Substrate recognition by a carbohydrate-binding module in the prototypical ABC transporter for lipopolysaccharide O-antigen from Escherichia coli O9aEscherichia coli serotype O9a provides a model for export of lipopolysaccharide (LPS) O-antigen polysaccharide (O-PS) via ABC transporters. In O9a biosynthesis, a chain-terminator enzyme, WbdD, caps the nonreducing end of the glycan with a methylphosphate moiety and thereby establishes chain-length distribution. A carbohydrate-binding module (CBM) in the ABC transporter recognizes terminated glycans, ensuring that only mature O-PS is exported and incorporated into LPS. Here, we addressed two questions arising from this model.
Klebsiella pneumoniae O1 and O2ac antigens provide prototypes for an unusual strategy for polysaccharide antigen diversificationA limited range of different structures is observed in O-antigenic polysaccharides (OPSs) from Klebsiella pneumoniae lipopolysaccharides. Among these, several are based on modifications of a conserved core element of serotype O2a OPS, which has a disaccharide repeat structure [→3)-α-d-Galp-(1→3)-β-d-Galf-(1→]. Here, we describe the enzymatic pathways for a highly unusual modification strategy involving the attachment of a second glycan repeat-unit structure to the nonreducing terminus of O2a. This occurs by the addition of the O1 [→3)-α-d-Galp-(1→3)-β-d-Galp-(1→] or O2c [→3)-β-d-GlcpNAc-(1→5)-β-d-Galf-(1→] antigens.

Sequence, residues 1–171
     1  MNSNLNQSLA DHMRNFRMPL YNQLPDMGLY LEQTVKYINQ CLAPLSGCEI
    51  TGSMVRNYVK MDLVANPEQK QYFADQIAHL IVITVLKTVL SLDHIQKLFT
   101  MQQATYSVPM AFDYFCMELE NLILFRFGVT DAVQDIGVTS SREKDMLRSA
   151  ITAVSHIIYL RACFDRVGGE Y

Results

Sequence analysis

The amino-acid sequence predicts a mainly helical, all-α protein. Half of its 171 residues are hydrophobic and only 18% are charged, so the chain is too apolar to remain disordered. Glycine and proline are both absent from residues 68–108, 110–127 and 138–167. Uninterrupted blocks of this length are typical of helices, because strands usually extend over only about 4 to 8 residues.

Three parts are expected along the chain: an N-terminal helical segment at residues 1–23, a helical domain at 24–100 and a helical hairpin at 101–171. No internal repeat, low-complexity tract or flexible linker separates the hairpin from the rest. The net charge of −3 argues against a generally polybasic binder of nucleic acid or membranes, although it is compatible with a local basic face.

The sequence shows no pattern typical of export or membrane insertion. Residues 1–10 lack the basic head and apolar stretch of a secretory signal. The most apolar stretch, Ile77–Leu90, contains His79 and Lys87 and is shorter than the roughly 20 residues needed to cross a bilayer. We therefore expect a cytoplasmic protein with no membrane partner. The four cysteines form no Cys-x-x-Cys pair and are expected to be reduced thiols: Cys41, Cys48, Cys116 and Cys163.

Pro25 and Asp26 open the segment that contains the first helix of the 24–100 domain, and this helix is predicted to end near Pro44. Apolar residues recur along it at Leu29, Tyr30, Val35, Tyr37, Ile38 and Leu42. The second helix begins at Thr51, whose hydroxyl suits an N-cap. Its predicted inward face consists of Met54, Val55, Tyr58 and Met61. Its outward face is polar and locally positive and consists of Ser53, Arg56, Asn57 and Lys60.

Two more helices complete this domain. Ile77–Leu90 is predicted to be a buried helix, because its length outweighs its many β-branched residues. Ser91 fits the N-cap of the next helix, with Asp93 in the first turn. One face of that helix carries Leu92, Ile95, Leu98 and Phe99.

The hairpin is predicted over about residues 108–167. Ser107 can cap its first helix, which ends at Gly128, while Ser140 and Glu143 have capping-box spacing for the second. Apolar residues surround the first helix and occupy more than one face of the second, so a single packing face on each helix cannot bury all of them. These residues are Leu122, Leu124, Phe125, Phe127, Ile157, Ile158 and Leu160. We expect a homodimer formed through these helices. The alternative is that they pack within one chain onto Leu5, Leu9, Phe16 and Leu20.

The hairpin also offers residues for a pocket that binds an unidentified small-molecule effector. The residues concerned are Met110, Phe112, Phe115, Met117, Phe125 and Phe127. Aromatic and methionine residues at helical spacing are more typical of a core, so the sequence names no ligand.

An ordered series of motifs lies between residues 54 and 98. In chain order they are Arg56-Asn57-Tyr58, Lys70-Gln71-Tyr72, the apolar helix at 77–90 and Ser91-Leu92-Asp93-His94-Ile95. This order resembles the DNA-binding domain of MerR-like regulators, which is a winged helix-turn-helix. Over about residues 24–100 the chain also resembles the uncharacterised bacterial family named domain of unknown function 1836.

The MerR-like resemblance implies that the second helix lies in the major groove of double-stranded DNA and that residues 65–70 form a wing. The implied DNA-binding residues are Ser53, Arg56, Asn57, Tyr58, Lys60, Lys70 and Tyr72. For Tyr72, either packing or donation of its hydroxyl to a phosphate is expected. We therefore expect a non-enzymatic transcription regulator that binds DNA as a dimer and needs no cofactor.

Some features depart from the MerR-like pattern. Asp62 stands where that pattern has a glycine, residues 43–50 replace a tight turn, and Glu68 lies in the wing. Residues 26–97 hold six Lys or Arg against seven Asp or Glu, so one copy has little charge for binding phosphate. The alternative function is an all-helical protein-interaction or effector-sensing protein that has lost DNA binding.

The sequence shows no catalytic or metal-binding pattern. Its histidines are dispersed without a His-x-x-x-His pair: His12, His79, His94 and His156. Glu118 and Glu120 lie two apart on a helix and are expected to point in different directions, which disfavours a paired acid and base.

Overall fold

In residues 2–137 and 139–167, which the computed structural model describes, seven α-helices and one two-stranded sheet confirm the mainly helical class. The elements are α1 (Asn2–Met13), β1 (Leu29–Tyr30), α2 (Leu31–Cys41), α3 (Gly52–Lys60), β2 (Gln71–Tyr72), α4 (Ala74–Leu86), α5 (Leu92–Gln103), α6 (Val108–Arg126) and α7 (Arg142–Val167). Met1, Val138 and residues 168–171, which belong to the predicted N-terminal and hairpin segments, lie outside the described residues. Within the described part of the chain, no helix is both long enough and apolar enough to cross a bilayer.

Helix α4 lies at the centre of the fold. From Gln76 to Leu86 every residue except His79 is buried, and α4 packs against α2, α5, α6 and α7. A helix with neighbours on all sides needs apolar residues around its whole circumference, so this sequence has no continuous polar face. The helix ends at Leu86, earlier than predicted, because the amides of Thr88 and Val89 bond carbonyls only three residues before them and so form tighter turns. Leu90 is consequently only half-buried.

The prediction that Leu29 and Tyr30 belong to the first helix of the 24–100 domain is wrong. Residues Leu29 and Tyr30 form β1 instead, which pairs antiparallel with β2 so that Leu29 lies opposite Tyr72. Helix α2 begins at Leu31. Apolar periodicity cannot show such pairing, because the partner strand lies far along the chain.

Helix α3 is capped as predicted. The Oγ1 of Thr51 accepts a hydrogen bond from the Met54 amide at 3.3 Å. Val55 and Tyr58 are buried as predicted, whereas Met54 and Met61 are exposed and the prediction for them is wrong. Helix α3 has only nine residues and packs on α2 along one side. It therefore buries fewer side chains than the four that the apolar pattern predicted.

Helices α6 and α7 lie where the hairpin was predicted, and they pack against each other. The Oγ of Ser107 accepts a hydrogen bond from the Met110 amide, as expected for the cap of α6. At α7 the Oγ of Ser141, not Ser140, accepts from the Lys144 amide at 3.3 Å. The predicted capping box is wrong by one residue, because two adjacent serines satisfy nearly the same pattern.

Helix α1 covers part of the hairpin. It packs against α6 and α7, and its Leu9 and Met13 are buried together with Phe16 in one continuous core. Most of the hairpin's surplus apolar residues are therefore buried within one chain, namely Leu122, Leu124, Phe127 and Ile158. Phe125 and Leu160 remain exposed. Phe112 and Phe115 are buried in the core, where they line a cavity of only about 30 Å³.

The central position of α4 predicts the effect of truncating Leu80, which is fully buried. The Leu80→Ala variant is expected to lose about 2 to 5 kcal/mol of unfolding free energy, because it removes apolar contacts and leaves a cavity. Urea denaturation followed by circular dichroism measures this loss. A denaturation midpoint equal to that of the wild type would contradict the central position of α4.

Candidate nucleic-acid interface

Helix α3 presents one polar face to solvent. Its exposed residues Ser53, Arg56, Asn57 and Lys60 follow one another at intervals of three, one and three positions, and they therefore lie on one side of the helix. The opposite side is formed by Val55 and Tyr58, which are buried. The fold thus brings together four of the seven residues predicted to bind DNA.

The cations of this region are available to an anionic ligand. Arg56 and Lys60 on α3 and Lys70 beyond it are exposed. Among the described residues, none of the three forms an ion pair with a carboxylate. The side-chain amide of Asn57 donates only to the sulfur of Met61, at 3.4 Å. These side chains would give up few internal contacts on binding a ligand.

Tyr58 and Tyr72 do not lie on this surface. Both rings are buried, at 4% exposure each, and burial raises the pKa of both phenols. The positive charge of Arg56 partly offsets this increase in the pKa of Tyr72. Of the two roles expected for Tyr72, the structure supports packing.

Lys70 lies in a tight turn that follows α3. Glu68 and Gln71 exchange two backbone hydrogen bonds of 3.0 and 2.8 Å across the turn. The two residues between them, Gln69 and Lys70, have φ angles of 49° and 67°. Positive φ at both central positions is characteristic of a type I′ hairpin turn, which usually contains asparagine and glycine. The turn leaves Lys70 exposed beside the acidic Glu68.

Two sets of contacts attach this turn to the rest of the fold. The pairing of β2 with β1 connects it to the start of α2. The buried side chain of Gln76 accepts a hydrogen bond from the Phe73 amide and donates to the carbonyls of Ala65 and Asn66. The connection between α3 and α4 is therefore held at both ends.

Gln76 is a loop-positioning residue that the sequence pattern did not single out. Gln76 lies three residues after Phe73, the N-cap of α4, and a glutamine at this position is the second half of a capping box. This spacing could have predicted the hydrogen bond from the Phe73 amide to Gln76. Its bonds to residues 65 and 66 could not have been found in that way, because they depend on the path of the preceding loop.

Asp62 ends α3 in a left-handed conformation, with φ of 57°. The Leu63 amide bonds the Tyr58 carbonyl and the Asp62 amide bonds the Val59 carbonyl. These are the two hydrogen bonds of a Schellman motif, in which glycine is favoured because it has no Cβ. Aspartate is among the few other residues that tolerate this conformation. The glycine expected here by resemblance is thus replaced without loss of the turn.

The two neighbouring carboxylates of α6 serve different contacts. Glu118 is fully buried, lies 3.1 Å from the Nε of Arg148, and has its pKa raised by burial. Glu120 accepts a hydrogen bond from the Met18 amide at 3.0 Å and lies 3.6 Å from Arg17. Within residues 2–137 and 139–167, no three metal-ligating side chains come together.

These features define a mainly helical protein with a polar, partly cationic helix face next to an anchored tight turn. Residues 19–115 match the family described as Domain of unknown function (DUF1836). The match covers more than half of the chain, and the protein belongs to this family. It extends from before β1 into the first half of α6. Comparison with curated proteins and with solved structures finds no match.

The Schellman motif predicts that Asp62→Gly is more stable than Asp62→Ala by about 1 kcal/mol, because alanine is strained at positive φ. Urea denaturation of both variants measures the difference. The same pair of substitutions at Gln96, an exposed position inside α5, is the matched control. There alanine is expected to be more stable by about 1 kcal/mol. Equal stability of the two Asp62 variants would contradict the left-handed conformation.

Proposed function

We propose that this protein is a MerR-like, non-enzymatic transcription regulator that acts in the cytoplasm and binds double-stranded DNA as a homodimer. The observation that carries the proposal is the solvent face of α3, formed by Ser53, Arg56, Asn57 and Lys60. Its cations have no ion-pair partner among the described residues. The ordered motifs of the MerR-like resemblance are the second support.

Molecular basis for the structural diversity in serogroup O2-antigen polysaccharides in Klebsiella pneumoniaeKlebsiella pneumoniae is a major health threat. Vaccination and passive immunization are considered as alternative therapeutic strategies for managing Klebsiella infections. Lipopolysaccharide O antigens are attractive candidates because of the relatively small range of known O-antigen polysaccharide structures, but immunotherapeutic applications require a complete understanding of the structures found in clinical settings. Currently, the precise number of Klebsiella O antigens is unknown because available serological tests have limited resolution, and their association with defined chemical structures is sometimes uncertain.
The Klebsiella pneumoniae O12 ATP-binding Cassette (ABC) Transporter Recognizes the Terminal Residue of Its O-antigen Polysaccharide SubstrateExport of the Escherichia coli serotype O9a O-antigenic polysaccharides (O-PS) involves an ATP-binding cassette (ABC) transporter. The process requires a non-reducing terminal residue, which is recognized by a carbohydrate-binding module (CBM) appended to the C terminus of the nucleotide-binding domain of the transporter. Here, we investigate the process in Klebsiella pneumoniae serotype O12 (and Raoultella terrigena ATCC 33257). The O12 polysaccharide is terminated at the non-reducing end by a β-linked 3-deoxy-d-manno-oct-2-ulosonic acid (Kdo) residue.